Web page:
We have an install where on certain contacts if you send an email directly from the contact record it goes through correctly. If an email is triggered via CiviRules it goes to SPAM. The email content is the same as well as the from address. This also happens when emails are sent from CiviMail (traditional). We are using mail() for outbound mail.

Is there a process difference when mail is triggered by CiviRules or CiviMail rather then directly from the contact record?

Install is in WordPress 5.2.2 with CiviCRM 5.13.4.

The SPF record for the domain references the web server.

  • I suggest you try sending to a Gmail address. View the email on the Gmail web site, and from the 3 vertical dots icon at the top right select "Show original". At the top you'll see an indication of the validity of any SPF, DKIM and DMARQ records found. Comparing emails from the two sources should reveal the difference.
    – BobS
    Aug 2, 2019 at 23:17

1 Answer 1


Receiving mail servers use a variety of different metrics to give your mail a 'spaminess' score to decide whether it is spam or not.

Is there a process difference when mail is triggered by CiviRules or CiviMail rather then directly from the contact record?

There are small differences in the email headers generated via different routes. These may be affecting the score. The differing content is likely having an effect as well (even simple messages can appear spammy to receiving mail servers).

My hunch is that you don't have DKIM set up. Setting up DKIM will reduce your score and put you under the threshold in both cases, though it wouldn't work if:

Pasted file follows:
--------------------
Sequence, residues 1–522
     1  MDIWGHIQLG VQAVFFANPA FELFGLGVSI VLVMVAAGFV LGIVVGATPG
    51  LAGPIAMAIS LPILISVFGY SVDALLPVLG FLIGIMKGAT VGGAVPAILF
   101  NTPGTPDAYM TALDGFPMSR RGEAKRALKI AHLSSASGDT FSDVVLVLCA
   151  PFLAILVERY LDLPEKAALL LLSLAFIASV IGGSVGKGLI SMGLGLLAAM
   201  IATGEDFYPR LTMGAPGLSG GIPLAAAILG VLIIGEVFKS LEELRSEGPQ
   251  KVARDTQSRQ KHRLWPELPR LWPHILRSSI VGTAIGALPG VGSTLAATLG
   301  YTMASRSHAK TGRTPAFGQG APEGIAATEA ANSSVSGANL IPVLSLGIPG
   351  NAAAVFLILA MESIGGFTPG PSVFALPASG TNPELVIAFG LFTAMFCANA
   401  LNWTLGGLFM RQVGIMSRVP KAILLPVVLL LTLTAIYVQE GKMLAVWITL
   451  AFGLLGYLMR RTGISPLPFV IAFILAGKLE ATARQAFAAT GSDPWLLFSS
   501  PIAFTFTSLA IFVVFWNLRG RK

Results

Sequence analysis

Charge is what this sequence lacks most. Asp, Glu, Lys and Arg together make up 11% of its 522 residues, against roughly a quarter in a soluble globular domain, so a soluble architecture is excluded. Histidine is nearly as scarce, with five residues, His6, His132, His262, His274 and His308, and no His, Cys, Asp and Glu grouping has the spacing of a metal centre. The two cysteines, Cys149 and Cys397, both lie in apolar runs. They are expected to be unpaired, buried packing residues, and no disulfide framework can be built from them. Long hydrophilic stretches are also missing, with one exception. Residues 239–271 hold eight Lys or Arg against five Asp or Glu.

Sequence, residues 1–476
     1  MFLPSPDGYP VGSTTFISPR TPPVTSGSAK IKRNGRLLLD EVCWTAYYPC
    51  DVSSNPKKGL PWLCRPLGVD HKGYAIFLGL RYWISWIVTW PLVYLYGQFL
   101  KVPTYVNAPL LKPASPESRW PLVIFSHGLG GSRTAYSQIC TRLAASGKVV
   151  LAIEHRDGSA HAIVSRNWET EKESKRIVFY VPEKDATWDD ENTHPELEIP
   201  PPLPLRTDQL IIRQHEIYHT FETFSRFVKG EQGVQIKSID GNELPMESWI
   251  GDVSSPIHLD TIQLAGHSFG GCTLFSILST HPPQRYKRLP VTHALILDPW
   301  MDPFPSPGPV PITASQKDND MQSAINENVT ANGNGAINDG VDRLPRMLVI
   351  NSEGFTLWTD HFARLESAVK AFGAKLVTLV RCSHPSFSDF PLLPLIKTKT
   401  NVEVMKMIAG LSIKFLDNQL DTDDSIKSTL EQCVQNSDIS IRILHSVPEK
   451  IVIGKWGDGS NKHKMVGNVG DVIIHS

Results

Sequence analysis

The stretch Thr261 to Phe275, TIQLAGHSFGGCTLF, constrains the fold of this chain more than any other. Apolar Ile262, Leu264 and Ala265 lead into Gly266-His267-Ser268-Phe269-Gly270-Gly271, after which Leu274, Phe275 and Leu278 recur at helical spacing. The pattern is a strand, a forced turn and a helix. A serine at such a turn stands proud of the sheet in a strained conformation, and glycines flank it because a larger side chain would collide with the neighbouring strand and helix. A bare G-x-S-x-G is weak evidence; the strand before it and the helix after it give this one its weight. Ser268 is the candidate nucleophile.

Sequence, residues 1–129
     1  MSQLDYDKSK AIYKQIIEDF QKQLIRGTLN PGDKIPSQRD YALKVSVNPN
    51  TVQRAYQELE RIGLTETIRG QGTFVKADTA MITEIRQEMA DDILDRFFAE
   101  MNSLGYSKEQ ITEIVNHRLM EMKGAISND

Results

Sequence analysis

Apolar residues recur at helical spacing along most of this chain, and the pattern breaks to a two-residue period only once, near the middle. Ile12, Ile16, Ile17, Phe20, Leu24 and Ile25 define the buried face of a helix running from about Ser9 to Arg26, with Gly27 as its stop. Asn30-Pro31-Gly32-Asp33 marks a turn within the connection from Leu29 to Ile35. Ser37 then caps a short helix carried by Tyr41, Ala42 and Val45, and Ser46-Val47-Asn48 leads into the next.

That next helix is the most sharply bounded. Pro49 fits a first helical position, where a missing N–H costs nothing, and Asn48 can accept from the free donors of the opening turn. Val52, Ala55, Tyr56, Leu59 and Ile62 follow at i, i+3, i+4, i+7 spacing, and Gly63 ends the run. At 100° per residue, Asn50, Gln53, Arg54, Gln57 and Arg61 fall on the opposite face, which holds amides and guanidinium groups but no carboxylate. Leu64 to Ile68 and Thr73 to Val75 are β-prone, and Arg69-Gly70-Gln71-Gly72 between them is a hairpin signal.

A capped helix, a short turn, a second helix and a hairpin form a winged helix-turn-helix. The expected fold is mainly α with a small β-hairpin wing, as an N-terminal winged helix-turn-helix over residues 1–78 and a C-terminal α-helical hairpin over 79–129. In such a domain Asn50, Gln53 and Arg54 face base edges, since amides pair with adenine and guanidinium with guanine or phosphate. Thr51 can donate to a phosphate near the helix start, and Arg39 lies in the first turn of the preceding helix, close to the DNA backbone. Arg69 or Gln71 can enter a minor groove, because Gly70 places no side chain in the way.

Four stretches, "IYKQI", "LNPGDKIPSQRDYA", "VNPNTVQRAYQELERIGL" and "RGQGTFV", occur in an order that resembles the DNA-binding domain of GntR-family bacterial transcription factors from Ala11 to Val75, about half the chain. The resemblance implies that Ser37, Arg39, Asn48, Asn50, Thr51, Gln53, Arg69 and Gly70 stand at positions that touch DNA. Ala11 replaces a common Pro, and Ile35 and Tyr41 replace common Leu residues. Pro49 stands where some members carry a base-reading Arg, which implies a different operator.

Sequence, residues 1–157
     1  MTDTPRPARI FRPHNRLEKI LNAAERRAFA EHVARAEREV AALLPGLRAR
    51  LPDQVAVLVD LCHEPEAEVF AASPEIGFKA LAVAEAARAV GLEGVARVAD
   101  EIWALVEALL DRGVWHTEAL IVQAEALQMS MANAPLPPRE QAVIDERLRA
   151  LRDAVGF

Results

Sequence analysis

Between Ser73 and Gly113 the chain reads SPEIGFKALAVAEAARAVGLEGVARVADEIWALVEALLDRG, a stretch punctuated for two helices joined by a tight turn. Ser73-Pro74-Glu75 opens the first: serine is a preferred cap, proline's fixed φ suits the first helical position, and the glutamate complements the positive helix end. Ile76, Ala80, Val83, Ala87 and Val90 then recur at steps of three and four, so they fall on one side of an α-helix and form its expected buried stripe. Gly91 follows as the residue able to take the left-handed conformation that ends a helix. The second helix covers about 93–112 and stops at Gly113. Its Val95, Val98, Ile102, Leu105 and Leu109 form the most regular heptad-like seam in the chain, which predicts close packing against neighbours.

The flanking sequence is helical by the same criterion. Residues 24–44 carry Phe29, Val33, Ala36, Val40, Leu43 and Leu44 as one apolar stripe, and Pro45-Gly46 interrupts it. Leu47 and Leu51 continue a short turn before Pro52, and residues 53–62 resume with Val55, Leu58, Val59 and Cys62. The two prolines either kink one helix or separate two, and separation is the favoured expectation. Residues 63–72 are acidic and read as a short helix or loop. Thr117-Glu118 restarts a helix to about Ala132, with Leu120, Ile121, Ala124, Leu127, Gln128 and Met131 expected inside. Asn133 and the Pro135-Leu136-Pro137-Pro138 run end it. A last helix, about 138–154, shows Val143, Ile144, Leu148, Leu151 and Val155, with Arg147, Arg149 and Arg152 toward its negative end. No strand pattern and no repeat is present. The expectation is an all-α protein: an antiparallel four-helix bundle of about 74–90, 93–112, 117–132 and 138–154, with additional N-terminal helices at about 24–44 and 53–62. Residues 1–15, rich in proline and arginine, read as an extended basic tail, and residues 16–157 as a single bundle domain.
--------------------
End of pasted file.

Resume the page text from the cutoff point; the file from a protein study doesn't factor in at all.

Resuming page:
• your emails (headers and content) look really spammy to the receiving mail server's algorithms
  • clients using the receiving mail server keep on marking your emails as spam

Typically a receiving mail server will add a header to the email with 'authentication results' that typically refer to DKIM, SPF and DMARC. For example, when google receives a mail, it adds a "ARC-Authentication-Results:" header.

Posting those headers would be useful so we can check what it says about DKIM and SPF:

  • If you are sending via mail() is it likely not using DKIM. The easiest way of adding DKIM is to switch to a third party mail provider.

  • Also, you may have (in the eyes of the receiving mail server) a mis-configured SPF record, so worth checking.

A couple of final things to note:

  • Each receiving mail server / service has its own algorithms. What works for one, might not for another.

  • You need to give the receving mail server time to get used to this new source of mail (regardless of whether the config is correct or not). If the total volume of mail is low, receiving mail servers may never get used to it. This is one reason why many people choose to use a third party service.

Your Answer

By clicking “Post Your Answer”, you agree to our terms of service and acknowledge you have read our privacy policy.

Not the answer you're looking for? Browse other questions tagged or ask your own question.